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WASHINGTON—The annual audit of diocesan compliance with the Charter for the Protection of Children and Young People found a drop in the number of allegations, number of victims and number of offenders reported in 2012.
The Center for Applied Research in the Apostolate (CARA), which gathered data for the report, found "the fewest allegations and victims reported since the data collection for the annual reports began in 2004."
Most allegations reported last year were from the seventies and eighties with many of the alleged offenders already deceased or removed from ministry in the priesthood.
StoneBridge Business Partners, which conducts the audits, said law enforcement found six credible cases among 34 allegations of abuse of minors in 2012 itself. Credibility of 15 of the allegations was still under investigation. Law enforcement found 12 allegations to be unfounded or unable to be proven, and one a boundary violation.
Almost all dioceses were found compliant with the audit. Three were found non-compliant with one article of the Charter. The Diocese of Lake Charles, Louisiana, was faulted because its review board had not met in several years. (The diocese had no allegations during that time). The Diocese of Tulsa, Oklahoma, was faulted because auditors could not determine if parishes provided safe environment training to religious education students and volunteer teachers. The Diocese of Baker, Oregon, was faulted because students did not receive safe environment training while a new program was being developed. The diocese has since begun training.
The report can be found at http://www.usccb.org/issues-and-action/child-and-youth-protection/upload/annual-report-on-the-implementation-of-the-charter-for-the-protection-of-children-and-young-people-2012.pdf
The annual report has two parts. The first is the compliance report of StoneBridge, which conducted on-site audits of 71 dioceses and eparchies and reviewed documentation submitted by 118 others. The Diocese of Lincoln, Nebraska, and five Eastern rite dioceses, known as eparchies, refused to be audited.
The second part is the "2012 Survey of Allegations and Costs," conducted by CARA.The Lincoln Diocese refused to cooperate with the survey, and the Eparchy of Our Lady of Lebanon of Los Angeles did not respond by the cut-off date.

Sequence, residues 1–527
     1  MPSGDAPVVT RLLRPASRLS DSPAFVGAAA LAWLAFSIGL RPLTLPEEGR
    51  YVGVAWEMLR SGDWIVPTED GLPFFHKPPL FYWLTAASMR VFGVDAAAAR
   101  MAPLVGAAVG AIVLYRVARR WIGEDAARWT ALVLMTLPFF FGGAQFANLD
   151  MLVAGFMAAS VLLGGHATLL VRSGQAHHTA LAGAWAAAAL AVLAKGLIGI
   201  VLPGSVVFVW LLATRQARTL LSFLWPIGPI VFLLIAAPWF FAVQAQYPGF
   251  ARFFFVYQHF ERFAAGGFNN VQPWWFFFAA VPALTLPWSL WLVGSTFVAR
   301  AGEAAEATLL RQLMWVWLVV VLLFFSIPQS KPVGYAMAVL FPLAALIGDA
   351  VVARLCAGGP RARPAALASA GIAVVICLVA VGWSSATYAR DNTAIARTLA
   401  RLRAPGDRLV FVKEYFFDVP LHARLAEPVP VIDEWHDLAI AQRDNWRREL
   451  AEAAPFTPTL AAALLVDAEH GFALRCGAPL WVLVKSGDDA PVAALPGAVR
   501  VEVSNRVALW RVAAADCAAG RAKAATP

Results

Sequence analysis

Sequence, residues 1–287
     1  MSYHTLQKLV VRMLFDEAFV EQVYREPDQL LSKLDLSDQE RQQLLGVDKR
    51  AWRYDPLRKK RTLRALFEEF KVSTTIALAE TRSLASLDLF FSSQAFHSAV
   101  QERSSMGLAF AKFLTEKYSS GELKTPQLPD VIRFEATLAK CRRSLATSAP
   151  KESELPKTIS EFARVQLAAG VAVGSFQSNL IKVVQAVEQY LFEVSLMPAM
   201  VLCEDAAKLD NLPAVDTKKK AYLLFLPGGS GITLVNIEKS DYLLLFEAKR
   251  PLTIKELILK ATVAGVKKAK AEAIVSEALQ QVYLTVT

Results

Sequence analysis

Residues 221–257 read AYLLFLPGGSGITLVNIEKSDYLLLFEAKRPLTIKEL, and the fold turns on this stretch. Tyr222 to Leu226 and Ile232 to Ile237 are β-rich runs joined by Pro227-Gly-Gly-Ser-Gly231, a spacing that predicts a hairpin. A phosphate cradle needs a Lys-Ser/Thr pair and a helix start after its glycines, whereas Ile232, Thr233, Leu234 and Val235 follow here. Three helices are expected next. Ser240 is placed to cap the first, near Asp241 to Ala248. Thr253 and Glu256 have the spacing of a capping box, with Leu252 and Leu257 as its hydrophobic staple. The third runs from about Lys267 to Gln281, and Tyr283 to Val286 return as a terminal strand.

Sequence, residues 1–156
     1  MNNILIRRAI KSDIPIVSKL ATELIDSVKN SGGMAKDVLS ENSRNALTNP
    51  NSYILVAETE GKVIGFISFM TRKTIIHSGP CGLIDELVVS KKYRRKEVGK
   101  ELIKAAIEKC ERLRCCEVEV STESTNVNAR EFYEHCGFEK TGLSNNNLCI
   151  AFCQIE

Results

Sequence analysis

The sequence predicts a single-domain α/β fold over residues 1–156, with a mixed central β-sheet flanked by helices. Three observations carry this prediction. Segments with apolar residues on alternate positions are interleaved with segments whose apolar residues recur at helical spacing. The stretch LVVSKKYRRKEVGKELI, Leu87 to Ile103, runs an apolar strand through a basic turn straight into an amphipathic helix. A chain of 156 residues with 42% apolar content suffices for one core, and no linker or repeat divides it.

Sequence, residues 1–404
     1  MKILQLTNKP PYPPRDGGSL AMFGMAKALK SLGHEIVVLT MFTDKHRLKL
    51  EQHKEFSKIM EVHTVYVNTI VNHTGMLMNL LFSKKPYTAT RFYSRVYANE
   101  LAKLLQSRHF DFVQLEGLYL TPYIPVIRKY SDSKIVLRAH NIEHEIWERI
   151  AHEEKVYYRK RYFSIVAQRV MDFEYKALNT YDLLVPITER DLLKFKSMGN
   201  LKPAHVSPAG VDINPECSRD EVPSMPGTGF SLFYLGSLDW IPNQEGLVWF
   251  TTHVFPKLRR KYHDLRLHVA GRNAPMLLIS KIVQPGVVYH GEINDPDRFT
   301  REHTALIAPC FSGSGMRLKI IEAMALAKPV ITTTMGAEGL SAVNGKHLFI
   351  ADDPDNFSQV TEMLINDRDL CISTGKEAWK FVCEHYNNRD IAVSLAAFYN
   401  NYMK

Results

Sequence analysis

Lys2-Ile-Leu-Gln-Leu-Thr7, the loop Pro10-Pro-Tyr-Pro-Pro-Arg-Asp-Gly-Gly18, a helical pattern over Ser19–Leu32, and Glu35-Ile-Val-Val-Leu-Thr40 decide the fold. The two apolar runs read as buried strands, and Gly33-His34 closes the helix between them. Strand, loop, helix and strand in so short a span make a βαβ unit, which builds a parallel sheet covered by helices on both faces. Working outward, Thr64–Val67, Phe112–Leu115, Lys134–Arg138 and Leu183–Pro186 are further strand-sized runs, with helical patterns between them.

The StoneBridge audit, in addition to finding most dioceses Charter compliant, reported that "over 99 percent of clerics and over 96 percent of employees and volunteers were trained" in safe environment programs. "In addition, over 4.6 million children received safe environment training. Background evaluations were conducted on over 99 percent of clerics; 98 percent of educators; 96 percent of employees; and 96 percent of volunteers."
StoneBridge cited limitations, including "the unwillingness of most dioceses and eparchies to allow us to conduct parish audits during their on-site audits." It said that "the auditors must rely solely on the information provided by the diocese or eparchy, instead of observing the program firsthand."
Another limitation is staff turnover in diocesan child abuse prevention programs. As a result, "records are often lost, and successors to the position are often placed in key roles without formal orientation," StoneBridge reported.
Al J. Notzon, III, chairman of the National Review Board (NRB), which oversees the audits, echoed StoneBridge concerns in a letter to Cardinal Timothy Dolan of New York, president of the U.S. Conference of Catholic Bishops. Notzon highlighted the importance of good record-keeping "and the great significance of involving parishes in the audit process."
"Abuse happened in the parishes where our children learn and live their young, growing faith," Notzon said. "From the NRB's perspective, parish participation in the audit process is an essential next step in what 'makes the Charter real' for laity in those parishes. What we have come to see is that protecting children from sexual abuse is a race without a finish and more rather than less effort is necessary to keep this sacred responsibility front and center."
Cardinal Dolan in a preface to the report commended clergy, employees and volunteers trained in safe environment.
"At the same time we also renew our steadfast resolution never to lessen our common commitment to protect children and young people entrusted to our pastoral care," he said. "We seek with equal determination to promote healing and reconciliation for those harmed in the past, and to assure that our audits continue to be credible and maintain accountability in our shared promise to protect and our pledge to heal."
In data gathering from dioceses, CARA noted there were 397 allegations, most of them from decades past, against 313 priests or deacons, by 390 individuals. About 84 percent of the victims were male. Half were between 10 and 14 when the abuse began. An estimated 17 percent were between 15 and17, and 19 percent were under age 10.
Dioceses and eparchies that responded to the survey reported costs related to allegations at $112,966,427 in 2012. Expenses covered settlements, attorney fees, therapy for victims and support for offenders. The total amount expended for dioceses, eparchies and religious orders was $148,338,437. Dioceses and religious orders also spent $26,583,087 for child protection programs.
Keywords: Charter for the Protection of Children and Young People, U.S. Conference of Catholic Bishops, USCCB, Al Notzon III, National Review Board, NRB, StoneBridge Business Partners, Center for Applied Research in the Apostolate, CARA, Cardinal Timothy Dolan, clergy sexual abuse, child sexual abuse
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